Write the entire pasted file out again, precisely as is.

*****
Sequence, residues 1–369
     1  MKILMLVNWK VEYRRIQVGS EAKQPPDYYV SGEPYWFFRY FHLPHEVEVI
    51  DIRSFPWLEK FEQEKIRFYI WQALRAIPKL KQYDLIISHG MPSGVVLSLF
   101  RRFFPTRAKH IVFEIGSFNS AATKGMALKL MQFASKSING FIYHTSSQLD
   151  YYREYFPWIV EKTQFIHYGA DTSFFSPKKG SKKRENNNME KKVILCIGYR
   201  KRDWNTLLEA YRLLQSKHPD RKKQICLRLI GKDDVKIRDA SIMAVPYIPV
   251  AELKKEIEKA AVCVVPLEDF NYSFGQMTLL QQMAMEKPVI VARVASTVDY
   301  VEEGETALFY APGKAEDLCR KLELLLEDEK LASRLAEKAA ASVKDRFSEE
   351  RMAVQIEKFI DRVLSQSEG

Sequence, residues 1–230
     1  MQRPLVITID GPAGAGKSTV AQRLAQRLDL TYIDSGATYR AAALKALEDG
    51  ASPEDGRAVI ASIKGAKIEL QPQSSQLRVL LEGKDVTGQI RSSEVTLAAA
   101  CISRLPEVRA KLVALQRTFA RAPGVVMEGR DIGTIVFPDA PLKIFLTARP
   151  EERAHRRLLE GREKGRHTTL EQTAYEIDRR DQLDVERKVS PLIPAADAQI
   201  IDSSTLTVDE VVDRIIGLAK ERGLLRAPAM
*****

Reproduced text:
Sequence, residues 1–369
     1  MKILMLVNWK VEYRRIQVGS EAKQPPDYYV SGEPYWFFRY FHLPHEVEVI
    51  DIRSFPWLEK FEQEKIRFYI WQALRAIPKL KQYDLIISHG MPSGVVLSLF
   101  RRFFPTRAKH IVFEIGSFNS AATKGMALKL MQFASKSING FIYHTSSQLD
   151  YYREYFPWIV EKTQFIHYGA DTSFFSPKKG SKKRENNNME KKVILCIGYR
   201  KRDWNTLLEA YRLLQSKHPD RKKQICLRLI GKDDVKIRDA SIMAVPYIPV
   251  AELKKEIEKA AVCVVPLEDF NYSFGQMTLL QQMAMEKPVI VARVASTVDY
   301  VEEGETALFY APGKAEDLCR KLELLLEDEK LASRLAEKAA ASVKDRFSEE
   351  RMAVQIEKFI DRVLSQSEG

Sequence, residues 1–230
     1  MQRPLVITID GPAGAGKSTV AQRLAQRLDL TYIDSGATYR AAALKALEDG
    51  ASPEDGRAVI ASIKGAKIEL QPQSSQLRVL LEGKDVTGQI RSSEVTLAAA
   101  CISRLPEVRA KLVALQRTFA RAPGVVMEGR DIGTIVFPDA PLKIFLTARP
   151  EERAHRRLLE GREKGRHTTL EQTAYEIDRR DQLDVERKVS PLIPAADAQI
   201  IDSSTLTVDE VVDRIIGLAK ERGLLRAPAM